Paul, I know that you’re sometimes humble with public praise, so I apologize in advance if this embarrasses you. But there are not many people who understand as well as I do some of the challenges of a CEO behind the scenes, and I just want to publically say thank you for putting employees first.
Male Voice:
  Hi Paul. I’m [Josh Hunt]. I’m the [unintelligible]. At business school, we were often educated that to a company, the ultimate goal of a company is to maximize shareholder value. And I’m just interested in today’s announcement whether this announcement reflects your new vision that companies should not emphasize too



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  much about the maximization of the shareholder values. Thank you.
  Well, first of all, there’s some interesting literature out now on maximizing shareholder value for the short term. And the guy who started this whole trend—as you may know—was Jack Welsh. And Jack has now said, “No, no, no. I was misinterpreted.” And he said, “What I really was looking at wasn’t short term value but long term value.”
  And I think Intel is the quintessential example of trying to balance short term and long term needs in terms of building a company. We seldom take actions to optimize one way or another for the short term. We always tend to be a very long term centric company and long term value associated with that. So that hasn’t changed. And my attitude towards that hasn’t changed a bit.
  As I said, in terms of shareholder value, this exchange program is neutral. So I expect the shareholders to say yes because it will not cost them any more. It will in theory reduce the dilution of the stock because you’re trading in lots of shares that would likely never be exercised for some that might. But the theoretical dilution is reduced.
  And then second of all, there is a significant incentive built in to the employee based compensation now, not just from the exchange shares but also from the supplemental options. I believe that people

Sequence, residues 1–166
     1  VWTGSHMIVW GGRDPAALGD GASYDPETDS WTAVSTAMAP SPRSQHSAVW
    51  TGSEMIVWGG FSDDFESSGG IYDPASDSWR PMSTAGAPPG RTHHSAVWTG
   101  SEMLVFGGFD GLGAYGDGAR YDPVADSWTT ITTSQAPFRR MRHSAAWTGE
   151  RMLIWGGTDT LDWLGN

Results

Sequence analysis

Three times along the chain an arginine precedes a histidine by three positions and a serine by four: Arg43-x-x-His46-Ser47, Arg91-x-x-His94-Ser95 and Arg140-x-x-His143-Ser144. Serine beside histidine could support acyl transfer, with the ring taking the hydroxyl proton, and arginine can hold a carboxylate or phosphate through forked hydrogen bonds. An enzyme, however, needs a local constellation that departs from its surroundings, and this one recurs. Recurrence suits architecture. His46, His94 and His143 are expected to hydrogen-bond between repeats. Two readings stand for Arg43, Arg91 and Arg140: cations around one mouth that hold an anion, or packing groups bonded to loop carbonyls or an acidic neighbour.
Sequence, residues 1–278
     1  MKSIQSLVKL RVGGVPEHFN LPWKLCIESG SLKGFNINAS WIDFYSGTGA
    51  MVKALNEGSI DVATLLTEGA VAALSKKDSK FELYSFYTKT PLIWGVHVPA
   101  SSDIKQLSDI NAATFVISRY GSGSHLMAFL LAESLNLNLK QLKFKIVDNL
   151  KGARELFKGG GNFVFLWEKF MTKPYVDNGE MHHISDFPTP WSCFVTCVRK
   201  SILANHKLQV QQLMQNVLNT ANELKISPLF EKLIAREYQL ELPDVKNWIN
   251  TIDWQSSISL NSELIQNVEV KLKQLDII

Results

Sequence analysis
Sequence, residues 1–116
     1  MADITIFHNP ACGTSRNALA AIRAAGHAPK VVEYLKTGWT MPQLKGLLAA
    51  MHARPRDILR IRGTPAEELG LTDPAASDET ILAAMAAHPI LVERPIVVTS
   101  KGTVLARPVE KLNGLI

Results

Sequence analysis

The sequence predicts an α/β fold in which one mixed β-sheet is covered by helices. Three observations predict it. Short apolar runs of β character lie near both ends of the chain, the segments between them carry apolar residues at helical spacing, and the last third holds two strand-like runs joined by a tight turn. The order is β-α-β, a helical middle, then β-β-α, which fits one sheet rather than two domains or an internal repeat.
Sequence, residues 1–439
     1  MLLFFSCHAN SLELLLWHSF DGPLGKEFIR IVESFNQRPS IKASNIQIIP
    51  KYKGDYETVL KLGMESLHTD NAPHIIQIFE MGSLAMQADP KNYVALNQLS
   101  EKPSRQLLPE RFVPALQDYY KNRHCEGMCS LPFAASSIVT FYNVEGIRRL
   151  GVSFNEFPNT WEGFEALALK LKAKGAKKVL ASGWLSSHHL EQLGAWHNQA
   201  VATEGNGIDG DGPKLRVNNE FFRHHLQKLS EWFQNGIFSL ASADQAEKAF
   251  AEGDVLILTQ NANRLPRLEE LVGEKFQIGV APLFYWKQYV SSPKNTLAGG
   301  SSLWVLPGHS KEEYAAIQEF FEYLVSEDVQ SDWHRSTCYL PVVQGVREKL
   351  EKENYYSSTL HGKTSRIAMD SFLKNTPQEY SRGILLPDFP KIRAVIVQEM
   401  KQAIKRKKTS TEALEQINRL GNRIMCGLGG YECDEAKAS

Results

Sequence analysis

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  tend to work as they’re rewarded and work as they’re motivated. So this is a very strong vote on the motivation of the employee base, which I believe long term will benefit the shareholders.
Male Voice:
  Hey Paul. Thanks for the programs. I have a quick question. Some of us have options that are expiring or hitting that ten year limit, and they’re expiring between May and July.
Paul Otellini:
  Yeah, me too.
Male Voice:
  Nice to know we’re in the same boat. So pending the shareholders’ approval, does that mean that those options will still be available for me to exchange?
Paul Otellini:
  No, when they expire they expire. Sorry. We couldn’t do anything about that. And part of that is the ones that are expiring—some of those don’t necessarily meet the 52 week high problem. So we looked at what’s the right time to do this versus the preponderance of options that are out there, and there’s really no way to do it. Some people have options expiring today or tomorrow in terms of some of this stuff.
  And so this was really the best program we could construct for the most amount of people that fit into the guidelines of what we thought ISS would do. By the way—I didn’t mention this—the top five in the company are not allowed to play in this program. So




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  myself and the next four cannot play in this. This is for employees, not for senior management.
Male Voice:
  On a slightly different note, Paul. Two years ago, you announced that we were sponsoring the Formula One and all of that.
Paul Otellini:
  I didn’t announce that. I inherited that puppy. I feel like Obama, don’t I?
Male Voice:
  If we’re looking to save money, that’s millions of dollars—
Paul Otellini: